This diagram really illustrates the possibility of an unpretentious change, as discussed in my second forecast.
What's it all mean? That it's the ideal opportunity for my next SEO forecast: Google will eliminate the bottom portion of search results in 2017. (Bonus forecast: SEOs will blow a gasket BIG TIME!)
Therefore of machine learning, I believe Google will conclude that it no longer needs to show positions 6-10. The cleaned up SERP will be populated with more ads (which will generate higher CTRs than the natural listings they supplanted).
Think it can't occur? Give me a chance to remind you of that time waay back in mid 2016 when Google killed right-side content ads on the desktop. But when you took a gander at the data, it made sense why Google did it: just 14.6 percent of desktop clicks originated from the correct ads.
What occurred after Google eliminated right-side ads? CTRs increased and traffic remained steady.
I imagine a similar will be true when Google eliminates the bottom portion of search results. The real effect for most websites should be minimal because most individuals aren't clicking on those natural listings now anyway.
Google Shopping (a.k.a. Product Search) used to be great. At that point Google changed the amusement and Google Shopping became a 100 percent pay-to-play system.
The neighborhood SEO train has continued for way too long. These are 100 percent business inquiries and Google's next huge land get.
There's no easy way to cushion the blow for my fifth SEO forecast for 2017, so I'll just say it: nearby SEO as we've known it will pass on.
Google arrangements to make $5 billion from neighborhood search. So that implies a certain something: farewell neighborhood natural packs.
Google already has a truly extensive rundown of strategies that are against its Webmaster Guidelines. All things considered, anticipate that that rundown will grow in (or after) 2017.
One thing we've been talking a ton about so far in this post is the importance of engagement measurements and how this can affect your SEO achievement.
All things considered, you know how it goes. At whatever time some individual sees some accomplishment with a SEO strategy, then everybody begins doing it. But a chosen few who can't make that strategy work legitimately will make sense of a way to fake it.
This is precisely how the whole link buying issue began 10 years back. Individuals knew links increased rankings, so individuals went insane buying links, not worrying about quality, just quantity.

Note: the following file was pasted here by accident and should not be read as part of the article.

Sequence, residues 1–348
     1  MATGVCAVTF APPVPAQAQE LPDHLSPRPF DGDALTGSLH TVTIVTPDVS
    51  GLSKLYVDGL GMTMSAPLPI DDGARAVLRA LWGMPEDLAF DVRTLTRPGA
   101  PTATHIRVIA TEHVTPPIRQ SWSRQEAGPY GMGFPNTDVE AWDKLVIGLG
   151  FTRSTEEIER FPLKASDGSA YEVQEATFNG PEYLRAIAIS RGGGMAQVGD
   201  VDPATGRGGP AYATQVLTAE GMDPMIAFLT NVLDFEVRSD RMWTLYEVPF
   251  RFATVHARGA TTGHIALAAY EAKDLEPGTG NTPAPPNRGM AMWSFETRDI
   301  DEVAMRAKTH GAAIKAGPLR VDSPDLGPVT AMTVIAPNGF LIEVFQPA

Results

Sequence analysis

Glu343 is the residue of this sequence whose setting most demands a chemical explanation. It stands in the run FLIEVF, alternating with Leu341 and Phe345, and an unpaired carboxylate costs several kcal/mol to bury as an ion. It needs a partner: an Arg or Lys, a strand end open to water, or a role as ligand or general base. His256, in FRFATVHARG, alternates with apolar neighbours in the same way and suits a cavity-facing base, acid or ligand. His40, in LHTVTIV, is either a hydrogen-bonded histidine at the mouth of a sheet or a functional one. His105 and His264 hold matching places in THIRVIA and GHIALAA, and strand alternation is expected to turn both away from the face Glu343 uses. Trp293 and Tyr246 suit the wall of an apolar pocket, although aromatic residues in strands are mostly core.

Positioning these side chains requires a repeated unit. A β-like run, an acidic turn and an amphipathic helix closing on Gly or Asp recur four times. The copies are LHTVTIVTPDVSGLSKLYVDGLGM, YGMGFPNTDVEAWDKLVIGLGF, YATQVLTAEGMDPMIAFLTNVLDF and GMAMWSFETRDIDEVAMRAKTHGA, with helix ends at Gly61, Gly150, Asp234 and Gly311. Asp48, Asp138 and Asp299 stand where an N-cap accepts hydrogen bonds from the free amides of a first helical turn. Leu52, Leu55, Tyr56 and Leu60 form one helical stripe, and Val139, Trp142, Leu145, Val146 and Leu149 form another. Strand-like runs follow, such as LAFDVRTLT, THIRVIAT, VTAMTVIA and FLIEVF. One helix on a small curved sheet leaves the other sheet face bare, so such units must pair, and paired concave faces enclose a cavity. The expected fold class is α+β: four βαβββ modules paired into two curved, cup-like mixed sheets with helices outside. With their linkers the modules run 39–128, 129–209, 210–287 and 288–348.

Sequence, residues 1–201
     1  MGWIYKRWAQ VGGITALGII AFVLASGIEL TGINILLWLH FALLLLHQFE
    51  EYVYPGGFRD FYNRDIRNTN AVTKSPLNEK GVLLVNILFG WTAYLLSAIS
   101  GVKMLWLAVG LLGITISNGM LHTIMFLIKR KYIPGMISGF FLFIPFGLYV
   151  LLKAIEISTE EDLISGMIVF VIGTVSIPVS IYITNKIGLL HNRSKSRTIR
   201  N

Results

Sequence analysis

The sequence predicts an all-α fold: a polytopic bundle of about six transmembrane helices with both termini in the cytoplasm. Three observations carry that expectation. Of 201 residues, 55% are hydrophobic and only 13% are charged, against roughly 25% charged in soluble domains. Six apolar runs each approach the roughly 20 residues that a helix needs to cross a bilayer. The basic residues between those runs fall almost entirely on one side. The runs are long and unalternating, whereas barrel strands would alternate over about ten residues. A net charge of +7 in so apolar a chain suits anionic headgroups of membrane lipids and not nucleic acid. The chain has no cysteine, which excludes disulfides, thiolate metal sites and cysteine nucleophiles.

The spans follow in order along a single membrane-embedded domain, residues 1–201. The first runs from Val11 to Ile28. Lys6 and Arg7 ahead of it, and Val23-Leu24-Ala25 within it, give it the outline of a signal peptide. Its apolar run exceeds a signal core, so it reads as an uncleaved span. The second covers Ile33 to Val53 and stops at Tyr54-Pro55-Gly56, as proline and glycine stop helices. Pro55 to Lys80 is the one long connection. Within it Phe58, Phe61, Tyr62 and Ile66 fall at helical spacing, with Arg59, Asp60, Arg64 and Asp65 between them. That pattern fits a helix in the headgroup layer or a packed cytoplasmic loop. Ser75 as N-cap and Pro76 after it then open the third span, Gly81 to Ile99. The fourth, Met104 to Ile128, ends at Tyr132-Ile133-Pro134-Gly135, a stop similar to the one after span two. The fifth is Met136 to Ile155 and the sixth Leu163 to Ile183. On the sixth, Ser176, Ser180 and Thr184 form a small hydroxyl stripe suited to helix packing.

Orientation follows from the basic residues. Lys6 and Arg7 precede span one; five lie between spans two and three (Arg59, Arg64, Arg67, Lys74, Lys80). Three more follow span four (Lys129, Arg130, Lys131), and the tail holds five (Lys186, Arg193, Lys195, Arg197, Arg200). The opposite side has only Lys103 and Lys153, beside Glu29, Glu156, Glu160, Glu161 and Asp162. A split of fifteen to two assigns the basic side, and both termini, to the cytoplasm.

Which brings us to SEO forecast number six: CTR and engagement hacks will become the new black hat SEO.
Search for tremendous spammer innovation again SEOs finally begin realizing that improving CTR and abide time additionally can enhance rankings in today's machine-learning world. The black hat upheaval won't be broadcast, but individuals in the know will know about it.
Why does Google have a TOS (terms of service) and not enforce it?
Along these lines, my seventh SEO expectation is that Google will pronounce war on tool providers that violate their TOS.
Why should Google think more about this now? Likely because rank checkers botch CTR and bob calculations.
If Google needed to be really mean about it, they could devise a kind of punishment where if they found that you were doing exorbitant rank checking of your domain, they could infer you were violating the TOS.
Following on the previous expectation, and different factors, here's my next SEO forecast for 2017: one or more major SEO vendors or service organizations will be sold off.
Google now and again "makes a case" of a small organization they believe is behaving badly by publicly punishing them so badly that they have to close.
Despite the fact that quite a bit of this post may appear like doom and despair, one thing's for certain: SEO won't pass on. (In spite of the fact that it's an amazingly sure thing the whole routine of SEO will be proclaimed dead or potentially dying at least a couple times this year!)
Despite the greater part of its difficulties (and the numerous more not too far off), SEO will be a considerably more significant marketing channel to the fortunate winners in 2017 and beyond.
My final SEO expectation for 2017: Fewer and fewer winners will win bigger and bigger jackpots.
What do you think?